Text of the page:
Meeting News Coverage

Next-generation sequencing increases actionable mutation detection in malignant melanoma

NEW YORK — The use of next-generation sequencing in multi-gene targeted panel testing identified a considerable number of actionable mutations among patients with malignant melanoma, according to study results presented at the HemOnc Today Melanoma and Cutaneous Malignancies meeting.

Multi-gene panel testing through next-generation sequencing has become a valuable strategy to identify actionable mutations and yield prognostic information in patients with molecular melanoma. Due to the increasing number of approved therapies that target specific pathways, next-generation sequencing may help identify ideal treatments, according to study background.

Matthew Zibelman, MD, a fellow at Fox Chase Cancer Center in Philadelphia, and colleagues evaluated archived tumor samples from 60 patients with high-risk and recurrent malignant melanoma to identify mutations in targeted regions of 50 cancer-related genes. The investigators summarized mutational profiles for all samples, then correlated them with various clinicopathologic features.

Median patient age was 71 years (range, 28-90) and about two-thirds (66.7%) were men.

Zibelman and colleagues identified 101 mutations that affected 25 unique genes.

The most commonly identified genetic mutations were NRAS (33.3%), BRAF (30%), p53 (23.3%) and CDKN2A (11.7%). The majority of BRAF mutations (88.9%) were BRAFV600.

Researchers determined more than two-thirds of patients (68.3%) had mutations (NRAS, BRAF and KIT) that were potentially actionable with commercially available drugs, and 21 of the other mutations identified could be targetable on a clinical trial, the researchers wrote.

Twenty-six patients (43.3%) had two or more genetic alterations, whereas only eight (13.3%) had no identifiable mutations. Seven of the eight patients with no identifiable mutation had acral or mucosal malignant melanoma.

“Multi-gene targeted panel testing by next-generation sequencing reveals a significant number of actionable mutations in patients with malignant melanoma,” Zibelman and colleagues wrote. “Patients with non-cutaneous malignant melanoma were less likely to have identifiable mutations.” – by Cameron Kelsall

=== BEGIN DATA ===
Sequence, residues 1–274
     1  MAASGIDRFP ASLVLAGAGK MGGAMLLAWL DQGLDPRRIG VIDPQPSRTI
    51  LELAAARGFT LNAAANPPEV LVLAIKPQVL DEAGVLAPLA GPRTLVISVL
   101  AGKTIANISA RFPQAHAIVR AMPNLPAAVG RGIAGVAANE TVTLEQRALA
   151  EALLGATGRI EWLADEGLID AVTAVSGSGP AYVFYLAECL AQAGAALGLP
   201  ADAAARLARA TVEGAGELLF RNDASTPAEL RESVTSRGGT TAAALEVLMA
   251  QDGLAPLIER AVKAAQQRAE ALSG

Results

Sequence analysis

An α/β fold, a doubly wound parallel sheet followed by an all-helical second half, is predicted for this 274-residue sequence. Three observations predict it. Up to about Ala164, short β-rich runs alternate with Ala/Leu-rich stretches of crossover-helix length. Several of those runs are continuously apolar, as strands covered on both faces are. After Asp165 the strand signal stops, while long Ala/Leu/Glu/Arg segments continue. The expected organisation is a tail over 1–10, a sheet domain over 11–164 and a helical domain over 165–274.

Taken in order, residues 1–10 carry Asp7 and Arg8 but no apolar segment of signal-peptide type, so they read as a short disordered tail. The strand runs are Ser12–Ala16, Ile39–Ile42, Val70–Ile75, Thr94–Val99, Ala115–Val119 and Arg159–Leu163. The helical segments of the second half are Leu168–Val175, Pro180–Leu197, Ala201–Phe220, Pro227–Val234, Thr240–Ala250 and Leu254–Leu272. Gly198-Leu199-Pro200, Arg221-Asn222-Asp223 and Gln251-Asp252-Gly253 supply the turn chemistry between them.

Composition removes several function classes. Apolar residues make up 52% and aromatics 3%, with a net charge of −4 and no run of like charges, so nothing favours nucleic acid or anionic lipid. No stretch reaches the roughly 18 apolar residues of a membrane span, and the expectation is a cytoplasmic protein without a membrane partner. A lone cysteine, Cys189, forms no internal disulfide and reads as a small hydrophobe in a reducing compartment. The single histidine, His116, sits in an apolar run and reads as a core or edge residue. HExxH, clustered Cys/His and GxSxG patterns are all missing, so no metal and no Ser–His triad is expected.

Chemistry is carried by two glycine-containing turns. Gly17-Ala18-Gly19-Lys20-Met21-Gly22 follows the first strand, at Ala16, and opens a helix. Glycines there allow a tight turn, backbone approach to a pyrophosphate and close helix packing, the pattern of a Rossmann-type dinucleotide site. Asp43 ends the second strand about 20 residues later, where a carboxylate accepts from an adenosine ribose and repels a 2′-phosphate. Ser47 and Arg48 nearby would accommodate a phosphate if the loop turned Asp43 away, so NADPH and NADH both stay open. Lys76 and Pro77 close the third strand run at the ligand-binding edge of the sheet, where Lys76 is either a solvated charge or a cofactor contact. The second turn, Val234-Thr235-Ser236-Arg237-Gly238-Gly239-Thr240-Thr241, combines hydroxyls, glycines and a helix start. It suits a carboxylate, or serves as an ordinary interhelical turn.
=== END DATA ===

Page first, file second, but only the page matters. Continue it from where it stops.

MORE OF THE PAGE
Reference:

Zibelman M, et al. Molecular markers in malignant melanoma: Experience at an NCI-designated cancer center. Presented at: HemOnc Today Melanoma and Cutaneous Malignancies; April 10-11, 2015; New York.

Disclosure: The researchers report no relevant financial disclosures.

NEW YORK — The use of next-generation sequencing in multi-gene targeted panel testing identified a considerable number of actionable mutations among patients with malignant melanoma, according to study results presented at the HemOnc Today Melanoma and Cutaneous Malignancies meeting.

Multi-gene panel testing through next-generation sequencing has become a valuable strategy to identify actionable mutations and yield prognostic information in patients with molecular melanoma. Due to the increasing number of approved therapies that target specific pathways, next-generation sequencing may help identify ideal treatments, according to study background.

Matthew Zibelman, MD, a fellow at Fox Chase Cancer Center in Philadelphia, and colleagues evaluated archived tumor samples from 60 patients with high-risk and recurrent malignant melanoma to identify mutations in targeted regions of 50 cancer-related genes. The investigators summarized mutational profiles for all samples, then correlated them with various clinicopathologic features.

Median patient age was 71 years (range, 28-90) and about two-thirds (66.7%) were men.

Zibelman and colleagues identified 101 mutations that affected 25 unique genes.

The most commonly identified genetic mutations were NRAS (33.3%), BRAF (30%), p53 (23.3%) and CDKN2A (11.7%). The majority of BRAF mutations (88.9%) were BRAFV600.

Researchers determined more than two-thirds of patients (68.3%) had mutations (NRAS, BRAF and KIT) that were potentially actionable with commercially available drugs, and 21 of the other mutations identified could be targetable on a clinical trial, the researchers wrote.

Twenty-six patients (43.3%) had two or more genetic alterations, whereas only eight (13.3%) had no identifiable mutations. Seven of the eight patients with no identifiable mutation had acral or mucosal malignant melanoma.

“Multi-gene targeted panel testing by next-generation sequencing reveals a significant number of actionable mutations in patients with malignant melanoma,” Zibelman and colleagues wrote. “Patients with non-cutaneous malignant melanoma were less likely to have identifiable mutations.” – by Cameron Kelsall

Reference:

Zibelman M, et al. Molecular markers in malignant melanoma: Experience at an NCI-designated cancer center. Presented at: HemOnc Today Melanoma and Cutaneous Malignancies; April 10-11, 2015; New York.

Disclosure: The researchers report no relevant financial disclosures.

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